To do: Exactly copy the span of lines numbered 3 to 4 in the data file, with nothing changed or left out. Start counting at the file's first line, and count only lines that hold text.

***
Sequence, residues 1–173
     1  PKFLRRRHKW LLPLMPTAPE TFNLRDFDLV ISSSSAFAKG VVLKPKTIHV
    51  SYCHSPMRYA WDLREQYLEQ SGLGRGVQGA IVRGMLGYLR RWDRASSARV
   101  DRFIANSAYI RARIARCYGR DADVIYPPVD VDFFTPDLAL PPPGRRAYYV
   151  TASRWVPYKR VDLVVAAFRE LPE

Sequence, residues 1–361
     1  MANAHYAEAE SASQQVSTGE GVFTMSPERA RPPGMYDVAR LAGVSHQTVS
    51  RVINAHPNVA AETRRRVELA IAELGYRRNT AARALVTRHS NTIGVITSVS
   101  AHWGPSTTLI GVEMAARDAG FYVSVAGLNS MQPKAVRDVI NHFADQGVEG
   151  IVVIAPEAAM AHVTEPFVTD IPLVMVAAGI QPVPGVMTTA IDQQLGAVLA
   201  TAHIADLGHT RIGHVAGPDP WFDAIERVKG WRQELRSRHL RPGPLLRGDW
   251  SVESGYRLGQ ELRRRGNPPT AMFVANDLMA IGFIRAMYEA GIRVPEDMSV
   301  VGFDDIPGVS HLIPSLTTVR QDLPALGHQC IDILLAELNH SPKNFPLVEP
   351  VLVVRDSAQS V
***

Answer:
    51  SYCHSPMRYA WDLREQYLEQ SGLGRGVQGA IVRGMLGYLR RWDRASSARV
   101  DRFIANSAYI RARIARCYGR DADVIYPPVD VDFFTPDLAL PPPGRRAYYV